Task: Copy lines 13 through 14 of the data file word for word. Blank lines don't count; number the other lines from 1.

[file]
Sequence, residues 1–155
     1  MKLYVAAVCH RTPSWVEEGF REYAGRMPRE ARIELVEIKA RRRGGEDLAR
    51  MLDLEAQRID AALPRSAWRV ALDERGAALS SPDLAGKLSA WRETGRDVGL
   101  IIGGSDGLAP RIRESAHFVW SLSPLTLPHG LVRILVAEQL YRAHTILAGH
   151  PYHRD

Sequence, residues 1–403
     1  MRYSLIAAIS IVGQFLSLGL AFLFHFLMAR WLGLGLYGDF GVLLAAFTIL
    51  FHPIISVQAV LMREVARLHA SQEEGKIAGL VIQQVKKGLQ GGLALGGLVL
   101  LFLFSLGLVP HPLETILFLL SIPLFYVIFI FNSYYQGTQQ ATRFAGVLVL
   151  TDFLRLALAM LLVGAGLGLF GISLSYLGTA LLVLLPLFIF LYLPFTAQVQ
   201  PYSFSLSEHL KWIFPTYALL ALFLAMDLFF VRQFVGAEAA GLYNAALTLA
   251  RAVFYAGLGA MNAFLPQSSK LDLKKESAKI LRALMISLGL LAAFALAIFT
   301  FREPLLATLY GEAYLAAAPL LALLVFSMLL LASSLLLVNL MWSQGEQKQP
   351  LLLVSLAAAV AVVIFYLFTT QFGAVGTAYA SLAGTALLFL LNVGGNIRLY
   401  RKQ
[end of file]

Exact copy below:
   301  FREPLLATLY GEAYLAAAPL LALLVFSMLL LASSLLLVNL MWSQGEQKQP
   351  LLLVSLAAAV AVVIFYLFTT QFGAVGTAYA SLAGTALLFL LNVGGNIRLY